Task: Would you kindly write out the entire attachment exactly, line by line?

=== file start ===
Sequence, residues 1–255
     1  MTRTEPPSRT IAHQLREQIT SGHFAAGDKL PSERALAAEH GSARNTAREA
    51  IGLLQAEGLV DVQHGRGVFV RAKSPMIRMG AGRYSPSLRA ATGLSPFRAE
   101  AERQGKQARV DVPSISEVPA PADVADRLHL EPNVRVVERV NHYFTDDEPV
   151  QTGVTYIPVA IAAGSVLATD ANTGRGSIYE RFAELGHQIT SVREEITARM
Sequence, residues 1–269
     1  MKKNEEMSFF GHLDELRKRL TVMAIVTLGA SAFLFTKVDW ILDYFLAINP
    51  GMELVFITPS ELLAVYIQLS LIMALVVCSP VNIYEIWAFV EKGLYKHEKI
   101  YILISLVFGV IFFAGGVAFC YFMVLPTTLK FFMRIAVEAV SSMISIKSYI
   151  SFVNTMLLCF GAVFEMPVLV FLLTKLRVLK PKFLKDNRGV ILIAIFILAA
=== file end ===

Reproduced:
Sequence, residues 1–255
     1  MTRTEPPSRT IAHQLREQIT SGHFAAGDKL PSERALAAEH GSARNTAREA
    51  IGLLQAEGLV DVQHGRGVFV RAKSPMIRMG AGRYSPSLRA ATGLSPFRAE
   101  AERQGKQARV DVPSISEVPA PADVADRLHL EPNVRVVERV NHYFTDDEPV
   151  QTGVTYIPVA IAAGSVLATD ANTGRGSIYE RFAELGHQIT SVREEITARM
Sequence, residues 1–269
     1  MKKNEEMSFF GHLDELRKRL TVMAIVTLGA SAFLFTKVDW ILDYFLAINP
    51  GMELVFITPS ELLAVYIQLS LIMALVVCSP VNIYEIWAFV EKGLYKHEKI
   101  YILISLVFGV IFFAGGVAFC YFMVLPTTLK FFMRIAVEAV SSMISIKSYI
   151  SFVNTMLLCF GAVFEMPVLV FLLTKLRVLK PKFLKDNRGV ILIAIFILAA